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Caucus set to take on Cabinet over the jobs levy

ELLEN FANNING: Federal Cabinet is on a collision course with its own Labor Caucus over the question of a jobs levy. The Left Wing of the party has put forward three controversial measures. They want a temporary jobs levy; a return to the 60 per cent marginal tax rate for high-income earners; and a minimum company tax rate of 20 per cent.

Well, the faction also endorsed an industry policy which targets individual sectors - an approach which is out of favour with the Industry Minister, Peter Cook. So, the debate over industry and the jobs levy is getting louder within the Government. The Finance Minister, Kim Beazley, admits most of his Cabinet colleagues oppose the levy.

The co-convener of the Labor Left, Senator Kim Carr, told A.M.'s Fran Kelly that Caucus is ready to take Cabinet on over these issues.

KIM CARR: The Caucus has a view on these matters as well. You would expect with issues of such importance to the country, that the Caucus, of course, will take these matters very seriously. We have seen in recent times a range of views being expressed. There is, however, strong support within the Caucus for measures designed to provide assistance directly to the unemployed.

FRAN KELLY: Well, how much support for a jobs levy, apart from the Left, is there within Caucus for the levy?

KIM CARR: We have seen already statements from a number of people not normally associated with the Left, indicating their support for measures aimed directly at supporting the unemployed. As far as we're concerned, economic growth by itself will not be sufficient to provide for the restoration of full employment.

FRAN KELLY: Will there be a tussle between Caucus and Cabinet over this issue?

KIM CARR: I don't know if there'll be a tussle. It's quite clear that this Government is very responsive to the broad range of policy initiatives coming from the Caucus. We've seen that in regard to industrial relations and in regard to Mabo. There is clearly a view being expressed by some Ministers as to what their attitudes are. There are going to be other views expressed as well. If members of the Cabinet are saying certain matters before business groups and in other forums, I think it's appropriate that Caucus members also express their attitudes.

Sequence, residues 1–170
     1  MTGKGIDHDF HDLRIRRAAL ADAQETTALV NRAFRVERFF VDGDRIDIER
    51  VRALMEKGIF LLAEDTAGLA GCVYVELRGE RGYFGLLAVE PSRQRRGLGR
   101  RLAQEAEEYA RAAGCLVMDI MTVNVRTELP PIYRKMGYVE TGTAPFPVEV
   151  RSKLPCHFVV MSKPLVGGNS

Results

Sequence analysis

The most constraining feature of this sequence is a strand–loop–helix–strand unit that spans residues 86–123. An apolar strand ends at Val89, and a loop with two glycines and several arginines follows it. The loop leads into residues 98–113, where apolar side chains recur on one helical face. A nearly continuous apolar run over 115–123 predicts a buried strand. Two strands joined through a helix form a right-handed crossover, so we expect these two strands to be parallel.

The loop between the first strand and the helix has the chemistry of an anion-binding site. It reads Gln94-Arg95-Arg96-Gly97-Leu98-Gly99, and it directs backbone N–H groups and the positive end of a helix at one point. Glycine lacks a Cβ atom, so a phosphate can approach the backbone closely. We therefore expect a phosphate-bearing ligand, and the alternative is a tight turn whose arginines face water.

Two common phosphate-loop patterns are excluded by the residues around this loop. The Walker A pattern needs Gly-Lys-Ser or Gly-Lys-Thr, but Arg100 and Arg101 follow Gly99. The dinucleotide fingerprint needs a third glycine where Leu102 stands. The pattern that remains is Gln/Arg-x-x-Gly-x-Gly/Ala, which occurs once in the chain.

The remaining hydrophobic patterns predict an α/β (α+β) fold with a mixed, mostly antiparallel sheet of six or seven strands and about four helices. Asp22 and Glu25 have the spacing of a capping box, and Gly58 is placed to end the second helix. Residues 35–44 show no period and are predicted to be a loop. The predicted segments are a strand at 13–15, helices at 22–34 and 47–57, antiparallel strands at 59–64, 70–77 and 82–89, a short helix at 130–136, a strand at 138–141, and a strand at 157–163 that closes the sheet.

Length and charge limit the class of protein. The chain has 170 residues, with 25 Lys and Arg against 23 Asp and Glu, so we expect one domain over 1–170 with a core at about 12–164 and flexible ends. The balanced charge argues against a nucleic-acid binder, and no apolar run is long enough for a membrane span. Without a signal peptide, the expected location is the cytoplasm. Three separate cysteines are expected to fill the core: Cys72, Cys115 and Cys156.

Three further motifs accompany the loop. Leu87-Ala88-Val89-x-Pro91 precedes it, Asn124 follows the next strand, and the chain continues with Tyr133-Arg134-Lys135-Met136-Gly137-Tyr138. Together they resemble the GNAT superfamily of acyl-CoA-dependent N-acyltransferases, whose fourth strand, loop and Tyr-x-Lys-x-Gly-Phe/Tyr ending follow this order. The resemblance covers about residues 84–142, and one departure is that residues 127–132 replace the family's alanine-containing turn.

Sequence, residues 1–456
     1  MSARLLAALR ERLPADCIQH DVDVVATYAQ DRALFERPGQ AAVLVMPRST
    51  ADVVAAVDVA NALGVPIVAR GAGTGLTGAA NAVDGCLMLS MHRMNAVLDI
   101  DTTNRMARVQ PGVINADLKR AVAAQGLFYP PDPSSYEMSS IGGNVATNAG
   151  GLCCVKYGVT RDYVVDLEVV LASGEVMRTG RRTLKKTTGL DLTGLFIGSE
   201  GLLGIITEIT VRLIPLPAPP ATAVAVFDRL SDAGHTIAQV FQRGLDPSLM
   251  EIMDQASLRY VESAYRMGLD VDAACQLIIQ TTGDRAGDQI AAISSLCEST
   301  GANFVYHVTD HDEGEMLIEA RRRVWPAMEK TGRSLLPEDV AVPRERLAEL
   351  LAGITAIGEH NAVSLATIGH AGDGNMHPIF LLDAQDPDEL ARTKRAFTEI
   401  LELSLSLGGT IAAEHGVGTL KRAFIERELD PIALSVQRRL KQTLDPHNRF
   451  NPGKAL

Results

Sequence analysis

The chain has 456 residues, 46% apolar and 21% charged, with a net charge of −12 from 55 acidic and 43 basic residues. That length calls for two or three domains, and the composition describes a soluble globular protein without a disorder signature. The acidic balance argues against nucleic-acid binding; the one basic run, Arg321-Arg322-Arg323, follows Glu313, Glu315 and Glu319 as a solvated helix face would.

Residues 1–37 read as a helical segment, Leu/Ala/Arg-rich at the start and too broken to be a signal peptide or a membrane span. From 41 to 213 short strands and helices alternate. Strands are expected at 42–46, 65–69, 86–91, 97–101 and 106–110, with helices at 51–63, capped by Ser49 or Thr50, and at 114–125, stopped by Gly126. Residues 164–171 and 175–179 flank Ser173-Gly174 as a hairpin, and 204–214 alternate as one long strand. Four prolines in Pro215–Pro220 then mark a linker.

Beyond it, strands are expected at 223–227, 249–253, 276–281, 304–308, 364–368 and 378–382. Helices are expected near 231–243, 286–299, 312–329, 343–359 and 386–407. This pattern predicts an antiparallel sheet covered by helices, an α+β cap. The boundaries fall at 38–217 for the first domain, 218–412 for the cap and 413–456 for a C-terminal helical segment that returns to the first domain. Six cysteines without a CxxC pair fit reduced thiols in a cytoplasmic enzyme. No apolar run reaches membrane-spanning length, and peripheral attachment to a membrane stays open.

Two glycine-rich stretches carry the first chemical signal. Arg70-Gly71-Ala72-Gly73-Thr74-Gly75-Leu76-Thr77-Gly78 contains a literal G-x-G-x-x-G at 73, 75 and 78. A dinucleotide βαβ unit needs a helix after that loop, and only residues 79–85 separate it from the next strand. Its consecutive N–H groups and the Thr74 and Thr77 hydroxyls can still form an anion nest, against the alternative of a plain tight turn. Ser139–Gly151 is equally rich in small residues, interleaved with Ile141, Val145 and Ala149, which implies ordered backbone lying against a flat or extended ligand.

FRAN KELLY: What about cost? Is one billion dollars the amount, already decided on by a Cabinet sub-committee, enough for the long-term unemployed?

KIM CARR: Clearly, there are major problems in terms of the estimates that we have seen already. It may require greater amounts of money than that to meet the demands that have been placed on us to provide full employment before the year 2000.

FRAN KELLY: There's also a proposal from you for taxing business and the rich more. What's your logic in this overall proposal?

KIM CARR: It's very simple. We want to make sure that the benefits of the economic recovery spread through all Australians, and as a consequence that various groups in the community have done extremely well in recent years, are able to put in their contribution towards meeting their responsibilities to the unemployed of this country.

FRAN KELLY: Why target business, though? Isn't a business-led recovery the best chance for job growth? Taxing them more doesn't make much sense.

KIM CARR: It's a question of making sure that the contributions towards funding these programs are met on an equitable basis throughout the community. If we're saying to wage and salary earners that you have a job, that you should be paying more in the way of levy; we're also saying that business should be paying more as well.

FRAN KELLY: If the jobs levy doesn't get up, though, through Cabinet, would you still be pushing this idea of taxing business more?

KIM CARR: It's quite apparent there is a need to broaden the options in terms of taxation policy within this country, to ensure that we have access to larger sources of revenue. Economic growth in its own right won't be sufficient to fund such a program.

ELLEN FANNING: Senator Kim Carr with Fran Kelly.